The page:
White Beauty– Speculations over skin tones!
—Why can’t dark, round and plump be beautiful?
In the era where fair is the ultimate description of beautiful… in the times where televisions complied the assurance of attractiveness with the fairness creams… in the age where dark people are forced deliberately to reassess their skin tone…
In the era where slim is the direct meaning of gorgeousness… in the times where people look at the plump woman with knotted brows… in the age where plump woman are pushed and poked to reassess their shape…
The modern ideal of feminine beauty is so severely destroyed and hence, it poses a serious threat to the emerging younger generations, who unanimously falls into the idea of making themselves fair and thin and thus, beautiful.
Well… with the effect of globalization and the pervasiveness of the media and its pertinacious concept of portraying those actresses in the ads (who are immensely airbrushed and painted beyond recognition) as the norm for textbook beauty, we are whitewashed to believe that the definitive course of beauty is the fair skin… and yes, don’t forget the reed-thin body.
The whiteness of the skin and the slimness of the waist, it is swanky in all the fields of media… this concept has been regularized as our artistic philosophy – to believe in this false identity. We are too focussed on the beauty that is only skin deep, that we forget to look behind the invariable mask of whiteness.
Who designed the norm for beauty, anyways? I have always wondered about that. Who created the criteria to judge beauty? The criteria that defines some and destroys others. And is this criteria, is it really worth following religiously?
Slim, fair, sleek… Is that really what beauty is all about? Why can’t dark, round and plump be beautiful?
I have met the constant disapproval of my skin tone from my fellow children when I was young. I was taunted deliberately for my skin tone. Many-a-times, I had the desperate urge to change my skin-tone, to fit in that beauty criteria that they all perversely follow. And sometimes, it had snubbed my confidence to step forward and act, because… well… because I was DARK and dark people were not as widely embraced and admired as FAIR ones.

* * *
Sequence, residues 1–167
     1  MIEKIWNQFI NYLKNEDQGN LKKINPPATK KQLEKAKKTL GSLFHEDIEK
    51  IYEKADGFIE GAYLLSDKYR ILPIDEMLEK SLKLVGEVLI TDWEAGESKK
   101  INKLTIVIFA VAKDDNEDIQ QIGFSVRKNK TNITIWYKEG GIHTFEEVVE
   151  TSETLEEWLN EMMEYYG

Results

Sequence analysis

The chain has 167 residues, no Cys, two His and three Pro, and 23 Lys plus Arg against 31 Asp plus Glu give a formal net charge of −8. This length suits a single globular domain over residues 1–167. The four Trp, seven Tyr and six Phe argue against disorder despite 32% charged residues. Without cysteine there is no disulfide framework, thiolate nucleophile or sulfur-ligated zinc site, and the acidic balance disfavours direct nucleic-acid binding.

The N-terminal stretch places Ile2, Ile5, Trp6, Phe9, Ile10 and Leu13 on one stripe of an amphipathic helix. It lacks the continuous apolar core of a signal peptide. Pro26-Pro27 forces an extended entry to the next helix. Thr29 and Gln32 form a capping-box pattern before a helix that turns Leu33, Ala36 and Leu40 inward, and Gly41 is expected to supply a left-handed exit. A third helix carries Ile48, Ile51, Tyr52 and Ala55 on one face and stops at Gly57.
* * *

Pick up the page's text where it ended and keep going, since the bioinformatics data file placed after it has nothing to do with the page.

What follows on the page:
Then when I grew-up and when I was in my teen days, I had faced the same taunts from another set of girls and ultimately, I fell into the wistful dream of becoming white with the help of one such fairness cream (The effort failed. That was another news). It had never occurred to me to break their ideals with my voice and my attitude. It had never occurred to me to stand back and confidently announce my real beauty.
But now… as I am here at this stage —matured — I am forced to look back at those childish days and I am ashamed of my own act. Then… who can blame a guileless child? I was just a little girl with the dream of becoming a beautiful, fair, slim princess and that was not my fault.
THAT WAS, AND IS THE SOCIETY’S FAULT.
These ideals and prerogative notions are thrust upon us even before we form an opinion of ourselves and thus, we are lead to believe the voices from the media than our own.
Many women have faced the brunt of this colour-oriented and size-oriented culture, since men have fallen prey to the standardization of whitening products, as well as the thinning ones, and hence they much prefer a fair and slim woman to the dark and plump one. Funnily, these men, as often than not, will be dark and plump.
‘I can’t find her a groom, for she is dark.’
Haven’t you heard such murmurs and declarations from parents?
I don’t know how to judge such people who judge a woman by her color — not by her heart and character and strength. Are they to blame, because they believe these falsities with blind trust, or do I have to blame the widespread agenda against dark skins and round shape?
Those actresses in the fairness creams ads – do they look like that (bleached!) in reality? Well… see for yourselves! (Mm… she is beautiful without the bleaching, isn’t she?)
So why are these lies so prevalent and are still spreading? Because… we are to blame. Every single individual in the society. And we have to change this mind-set now or it will be too late.
If your little one is dark, don’t show her the fairness creams. Show her the light of her inner beauty and strength. Change her outlook and please, please, show her that she is truly, really beautiful, no matter what her skin color is. By doing this, you are immensely helping them against racism (added bonus!)
I hate to see another young girl depressed about her skin color – the same way I was once. I hate to look at those beautiful girls who feel sad because they are not fair and I hate for them to lose their self-esteem over a stupid and trivial concept of color.
This is the time to change the lust towards the fairness and slimness. In truth, dark is as beautiful as fair and plump is as gorgeous as thin.
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